Law academy rolling out $1.9m support package for legal sector
All eligible SAL members will receive a one-time credit of $150 tomorrow. Law firms which currently subscribe to legal research portal LawNet will have two months of their basic subscription fees waived.
The Singapore Academy of Law (SAL) will be rolling out support measures to help individuals in the legal profession as well as law firms.
More than 9,000 SAL members will benefit from a $1.9 million package to help the legal profession cope with the impact of the Covid-19 pandemic.
In a video address to SAL members on Wednesday, Chief Justice Sundaresh Menon, who is also president of SAL, said: "The academy is deeply aware of the daunting challenges faced by our members. It is unlikely that we will be able to return to our usual way of doing business for some time."
In a survey conducted last month with about 400 practitioners and in-house counsel, SAL found that 83 per cent of practitioners reported a decrease in new cases and revenue, while 75 per cent of in-house counsel saw an increase in workload in areas such as crisis management and employment issues.
The survey also found that 34 per cent of respondents expressed a need for business process re-engineering to save costs, while 65 per cent called for learning and development opportunities.
As part of the support measures, all eligible SAL members will receive a one-time credit of $150 tomorrow, which can be used to purchase SAL legal publications and to sign up for learning and development programmes.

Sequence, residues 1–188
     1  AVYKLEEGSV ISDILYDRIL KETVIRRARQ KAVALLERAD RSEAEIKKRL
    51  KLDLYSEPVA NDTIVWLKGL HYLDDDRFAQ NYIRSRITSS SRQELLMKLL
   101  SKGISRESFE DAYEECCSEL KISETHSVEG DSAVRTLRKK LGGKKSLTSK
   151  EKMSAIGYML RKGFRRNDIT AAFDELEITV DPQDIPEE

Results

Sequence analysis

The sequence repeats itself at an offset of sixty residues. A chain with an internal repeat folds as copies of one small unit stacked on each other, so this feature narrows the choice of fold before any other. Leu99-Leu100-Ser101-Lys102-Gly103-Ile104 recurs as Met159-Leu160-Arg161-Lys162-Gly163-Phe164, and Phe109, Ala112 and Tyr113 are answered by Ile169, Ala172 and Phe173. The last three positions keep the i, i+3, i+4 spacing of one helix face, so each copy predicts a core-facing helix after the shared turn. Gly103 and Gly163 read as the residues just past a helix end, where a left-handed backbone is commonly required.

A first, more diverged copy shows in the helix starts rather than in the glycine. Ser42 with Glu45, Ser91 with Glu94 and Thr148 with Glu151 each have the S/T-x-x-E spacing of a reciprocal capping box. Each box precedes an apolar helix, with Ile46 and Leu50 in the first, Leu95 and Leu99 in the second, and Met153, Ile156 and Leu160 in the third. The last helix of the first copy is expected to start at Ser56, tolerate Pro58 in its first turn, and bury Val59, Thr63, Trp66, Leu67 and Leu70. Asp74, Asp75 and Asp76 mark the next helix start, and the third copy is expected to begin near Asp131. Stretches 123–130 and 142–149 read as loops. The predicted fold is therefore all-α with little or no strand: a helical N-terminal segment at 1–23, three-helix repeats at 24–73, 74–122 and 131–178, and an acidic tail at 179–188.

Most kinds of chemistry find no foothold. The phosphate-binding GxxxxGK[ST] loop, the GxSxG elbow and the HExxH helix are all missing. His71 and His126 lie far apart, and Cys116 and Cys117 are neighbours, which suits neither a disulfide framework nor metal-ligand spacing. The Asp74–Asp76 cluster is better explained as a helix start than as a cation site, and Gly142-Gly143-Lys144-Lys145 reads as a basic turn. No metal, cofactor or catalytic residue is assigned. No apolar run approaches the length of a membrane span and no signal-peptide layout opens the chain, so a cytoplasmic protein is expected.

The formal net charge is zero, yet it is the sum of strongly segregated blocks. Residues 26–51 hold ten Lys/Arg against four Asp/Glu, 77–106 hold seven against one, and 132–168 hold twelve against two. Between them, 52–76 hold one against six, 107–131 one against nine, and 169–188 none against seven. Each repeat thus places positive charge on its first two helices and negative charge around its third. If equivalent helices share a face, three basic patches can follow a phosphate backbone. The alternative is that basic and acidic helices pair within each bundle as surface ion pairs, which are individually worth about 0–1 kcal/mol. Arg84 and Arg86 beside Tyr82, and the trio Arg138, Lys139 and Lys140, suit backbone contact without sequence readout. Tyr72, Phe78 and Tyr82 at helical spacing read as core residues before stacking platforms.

Law firms which currently subscribe to legal research portal LawNet will have two months of their basic subscription fees waived. This will be reflected in their June and July invoices.
In addition, up to 40 small law firms - those with no more than five lawyers - can apply for a free business process re-engineering package to streamline their work practices. The package typically costs $5,000.
SAL has a dedicated Covid-19 microsite - covid.sal.sg - which features news on the pandemic's impact on the legal industry, as well as digital resources such as guides to practising from home, podcasts on innovation and articles on online advocacy.
SAL chief executive Serene Wee said: "We hope that (the measures) will be of some relief and will allow the profession to emerge stronger and ready for the future."
Proportion of practitioners who reported a decrease in new cases and revenue, in a survey of about 400 practitioners and in-house counsel last month.
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